My Week – 13 November 2014 - campus events and our research objective
With the academic year in full swing, I am enjoying a week of diverse events that superbly illustrate the range of our education and research strengths and ambitions.
A plaque unveiling ceremony at the Brenner Building at St Jamess University Hospital got the week off to a celebratory start. It marked the ongoing research partnership between Breast Cancer Campaign and the University that seeks to tackle breast cancer. Most fittingly, the plaque was unveiled by Professor Craig Jordan, the world-renowned alumnus who developed the use of Tamoxifen in the treatment of breast cancer.
Since 2010, the University has been the coordinating centre for the Breast Cancer Campaign Tissue Bank (BCCTB), the first initiative of its kind in the UK. Im delighted to say that the University recently received a funding renewal of £1.2m to run the Bank until June 2018. During this time, I envisage many new and exciting developments in this field.
I have also attended an event to welcome and congratulate some 68 postgraduate taught (PGT) students who are taking part in the new Postgraduate Support Scheme which is investigating and testing a range of ways to attract under-represented groups into postgraduate education. Our scheme is part of a broader partnership with the Universities of Manchester, Newcastle, Sheffield, Warwick and York Widening access to postgraduate study and the professions and is part-funded by Higher Education Funding Council for England and the Universitys own Alumni Footsteps Fund. The project is piloting financial and academic initiatives, investigating the role of information, advice and guidance, and collecting large datasets to inform and support evaluation.
The students I met were undertaking PGT for a variety of reasons, such as to gain new skills or enter a profession, or as a stepping stone to a career in research and academia, and all were committed to making the most of the opportunity for further study. The event also welcomed stakeholders and partners, including employers who we hope will be able to offer these PGT students support in the form of skills workshops, mentoring or work shadowing opportunities, and possibly funding.
After meeting young people potentially at the beginning of their academic careers, I attended an outstanding lecture by someone recognised as being amongst the very best in her professional field. Professor Sheena Radfords lecture - Folding proteins from Astbury to Amyloid and Ageing explained her research which tackles one of the most fascinating questions in biology; how proteins fold (and misfold) and assemble into complex, functional entities.
Sheenas outstanding work has been recognised by her election to the Fellowship of the Royal Society, and we are extremely proud to have her as Director of the Astbury Centre for Structural Molecular Biology. This hub of research and training combines four magic ingredients: an ambitious and clearly articulated scientific goal of understanding life in atomic detail; high-quality PhD programmes; an outstanding research infrastructure; and an unfailing commitment to interdisciplinary working. It makes eminent sense to me that we are currently trying to replicate these conditions in other parts of the University.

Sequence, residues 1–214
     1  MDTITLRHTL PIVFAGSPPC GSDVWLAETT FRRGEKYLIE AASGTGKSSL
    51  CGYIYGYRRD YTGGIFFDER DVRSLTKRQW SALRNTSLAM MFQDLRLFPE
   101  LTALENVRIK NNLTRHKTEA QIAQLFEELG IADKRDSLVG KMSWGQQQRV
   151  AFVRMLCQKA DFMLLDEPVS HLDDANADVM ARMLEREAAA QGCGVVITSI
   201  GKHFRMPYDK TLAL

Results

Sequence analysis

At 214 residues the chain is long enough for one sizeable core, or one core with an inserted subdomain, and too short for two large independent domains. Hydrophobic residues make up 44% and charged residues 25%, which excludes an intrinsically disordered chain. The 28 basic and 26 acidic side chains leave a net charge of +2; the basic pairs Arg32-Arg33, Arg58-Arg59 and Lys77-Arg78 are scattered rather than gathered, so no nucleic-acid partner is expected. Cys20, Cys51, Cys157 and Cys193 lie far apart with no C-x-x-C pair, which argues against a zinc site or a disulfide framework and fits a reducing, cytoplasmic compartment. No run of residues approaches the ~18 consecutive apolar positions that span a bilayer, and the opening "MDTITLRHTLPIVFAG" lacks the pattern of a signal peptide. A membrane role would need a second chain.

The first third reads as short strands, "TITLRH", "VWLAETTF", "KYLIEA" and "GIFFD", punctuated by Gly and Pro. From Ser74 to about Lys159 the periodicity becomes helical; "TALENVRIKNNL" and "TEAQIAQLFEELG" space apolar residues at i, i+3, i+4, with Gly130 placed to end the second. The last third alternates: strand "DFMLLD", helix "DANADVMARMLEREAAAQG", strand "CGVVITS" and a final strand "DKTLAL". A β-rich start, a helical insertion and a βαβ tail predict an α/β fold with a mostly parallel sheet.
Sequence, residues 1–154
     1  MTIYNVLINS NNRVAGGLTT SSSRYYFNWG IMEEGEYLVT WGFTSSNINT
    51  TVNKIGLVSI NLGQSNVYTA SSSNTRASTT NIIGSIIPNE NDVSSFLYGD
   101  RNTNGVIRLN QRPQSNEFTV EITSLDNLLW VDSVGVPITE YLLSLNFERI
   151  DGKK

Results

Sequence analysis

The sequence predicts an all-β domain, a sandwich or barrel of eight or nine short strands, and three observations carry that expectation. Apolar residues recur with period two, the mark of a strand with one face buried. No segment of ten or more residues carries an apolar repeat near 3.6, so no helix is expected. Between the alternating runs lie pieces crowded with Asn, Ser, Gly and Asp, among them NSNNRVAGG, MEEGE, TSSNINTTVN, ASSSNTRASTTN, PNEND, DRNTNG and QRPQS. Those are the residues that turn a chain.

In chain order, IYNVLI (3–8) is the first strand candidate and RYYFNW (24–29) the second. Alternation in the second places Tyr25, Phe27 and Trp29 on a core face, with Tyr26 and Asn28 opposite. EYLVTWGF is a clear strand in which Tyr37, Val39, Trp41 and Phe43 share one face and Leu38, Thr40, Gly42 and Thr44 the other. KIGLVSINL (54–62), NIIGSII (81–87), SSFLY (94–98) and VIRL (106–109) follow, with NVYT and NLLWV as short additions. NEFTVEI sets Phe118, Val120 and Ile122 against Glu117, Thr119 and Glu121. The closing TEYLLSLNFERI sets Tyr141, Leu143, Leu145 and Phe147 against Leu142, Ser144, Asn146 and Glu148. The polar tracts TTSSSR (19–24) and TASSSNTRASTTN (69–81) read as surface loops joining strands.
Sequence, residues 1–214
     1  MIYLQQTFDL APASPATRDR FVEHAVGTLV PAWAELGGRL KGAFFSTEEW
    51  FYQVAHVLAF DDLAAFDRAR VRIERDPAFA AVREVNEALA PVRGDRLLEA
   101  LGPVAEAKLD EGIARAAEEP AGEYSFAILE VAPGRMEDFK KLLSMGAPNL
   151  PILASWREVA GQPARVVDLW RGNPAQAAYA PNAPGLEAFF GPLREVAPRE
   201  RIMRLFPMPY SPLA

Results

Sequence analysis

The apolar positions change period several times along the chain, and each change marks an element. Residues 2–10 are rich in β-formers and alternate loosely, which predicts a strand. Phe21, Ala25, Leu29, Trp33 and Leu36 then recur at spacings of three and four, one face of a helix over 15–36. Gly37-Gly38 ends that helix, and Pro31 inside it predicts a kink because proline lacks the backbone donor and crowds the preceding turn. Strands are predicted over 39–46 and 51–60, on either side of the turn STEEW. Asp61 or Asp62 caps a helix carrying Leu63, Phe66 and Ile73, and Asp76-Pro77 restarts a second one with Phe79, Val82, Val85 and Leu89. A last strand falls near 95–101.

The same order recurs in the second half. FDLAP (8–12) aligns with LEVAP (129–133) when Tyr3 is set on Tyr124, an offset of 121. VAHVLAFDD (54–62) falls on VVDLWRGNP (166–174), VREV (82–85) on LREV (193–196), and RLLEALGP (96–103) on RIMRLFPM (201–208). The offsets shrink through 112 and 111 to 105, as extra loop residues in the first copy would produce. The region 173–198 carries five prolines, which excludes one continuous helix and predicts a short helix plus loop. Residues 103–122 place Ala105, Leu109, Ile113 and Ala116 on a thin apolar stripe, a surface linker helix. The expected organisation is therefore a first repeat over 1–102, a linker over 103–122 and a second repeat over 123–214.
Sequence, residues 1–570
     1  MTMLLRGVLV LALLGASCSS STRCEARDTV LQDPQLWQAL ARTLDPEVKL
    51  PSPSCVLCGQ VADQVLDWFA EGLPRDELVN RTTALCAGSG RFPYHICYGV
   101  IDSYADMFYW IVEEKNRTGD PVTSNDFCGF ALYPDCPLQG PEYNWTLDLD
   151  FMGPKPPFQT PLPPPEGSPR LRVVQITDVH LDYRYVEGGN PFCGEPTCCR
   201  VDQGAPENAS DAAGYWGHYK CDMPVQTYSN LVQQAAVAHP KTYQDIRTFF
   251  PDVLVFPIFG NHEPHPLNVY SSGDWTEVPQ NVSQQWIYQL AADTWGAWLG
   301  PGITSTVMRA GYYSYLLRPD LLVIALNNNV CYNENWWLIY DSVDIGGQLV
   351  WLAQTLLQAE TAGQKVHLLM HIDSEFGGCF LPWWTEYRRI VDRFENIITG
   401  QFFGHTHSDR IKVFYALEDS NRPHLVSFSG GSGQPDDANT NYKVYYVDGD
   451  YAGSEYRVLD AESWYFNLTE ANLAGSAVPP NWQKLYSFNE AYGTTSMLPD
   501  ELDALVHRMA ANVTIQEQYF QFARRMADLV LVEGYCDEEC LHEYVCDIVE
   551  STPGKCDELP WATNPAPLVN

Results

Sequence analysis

I am pleased to say that Sheenas inspiring lecture was not a one off; the University has agreed to see it as a first step in a longer, deeper discussion about the future of structural molecular biology. To be named The Astbury Conversation, we intend to host an international meeting in 2016 and then every two years thereafter as highlight of the University calendar. Our intention is to bring the greatest minds to Leeds people who have achieved scientific excellence at the interfaces between biology, chemistry, physics and medicine; people who will galvanise international collaboration and inspire our PhD students and post-docs; people who can move beyond the rarefied atmosphere of their own science and bring it to life for students from local schools and the wider public. The Astbury Conversation will be the place to understand life in molecular detail. Look out for more details in early 2015.
Amidst these events and the general bustle of campus life, it was important to take time to attend the Remembrance Day Service in University Square. This campus tradition had particular significance during this First World War centenary year and was followed by a wreath-laying ceremony at the recently re-dedicated Brotherton War Memorial in the Parkinson Building. These annual events, coupled with the on-going work of the Legacies of War project and the treasure trove of items encompassed by the Liddle Collection, will ensure that our students, staff and visitors are long encouraged to reflect on and explore the many ways in which people have been touched by war and its lasting impact on families, communities and the countries of the world.
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